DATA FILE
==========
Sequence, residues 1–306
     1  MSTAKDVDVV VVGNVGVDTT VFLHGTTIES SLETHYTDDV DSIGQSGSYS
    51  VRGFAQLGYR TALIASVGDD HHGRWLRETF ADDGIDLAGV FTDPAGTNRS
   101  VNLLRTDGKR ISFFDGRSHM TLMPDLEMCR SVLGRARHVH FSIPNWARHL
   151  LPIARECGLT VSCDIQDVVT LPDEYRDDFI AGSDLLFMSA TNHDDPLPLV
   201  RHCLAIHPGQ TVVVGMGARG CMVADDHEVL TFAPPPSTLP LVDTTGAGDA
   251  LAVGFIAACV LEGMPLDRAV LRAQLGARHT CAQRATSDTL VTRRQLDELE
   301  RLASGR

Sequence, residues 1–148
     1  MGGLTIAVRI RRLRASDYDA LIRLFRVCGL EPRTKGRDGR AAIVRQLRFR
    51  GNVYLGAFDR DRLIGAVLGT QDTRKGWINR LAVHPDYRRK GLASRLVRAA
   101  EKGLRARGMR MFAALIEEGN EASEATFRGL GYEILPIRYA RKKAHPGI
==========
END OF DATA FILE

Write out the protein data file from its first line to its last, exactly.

Sequence, residues 1–306
     1  MSTAKDVDVV VVGNVGVDTT VFLHGTTIES SLETHYTDDV DSIGQSGSYS
    51  VRGFAQLGYR TALIASVGDD HHGRWLRETF ADDGIDLAGV FTDPAGTNRS
   101  VNLLRTDGKR ISFFDGRSHM TLMPDLEMCR SVLGRARHVH FSIPNWARHL
   151  LPIARECGLT VSCDIQDVVT LPDEYRDDFI AGSDLLFMSA TNHDDPLPLV
   201  RHCLAIHPGQ TVVVGMGARG CMVADDHEVL TFAPPPSTLP LVDTTGAGDA
   251  LAVGFIAACV LEGMPLDRAV LRAQLGARHT CAQRATSDTL VTRRQLDELE
   301  RLASGR

Sequence, residues 1–148
     1  MGGLTIAVRI RRLRASDYDA LIRLFRVCGL EPRTKGRDGR AAIVRQLRFR
    51  GNVYLGAFDR DRLIGAVLGT QDTRKGWINR LAVHPDYRRK GLASRLVRAA
   101  EKGLRARGMR MFAALIEEGN EASEATFRGL GYEILPIRYA RKKAHPGI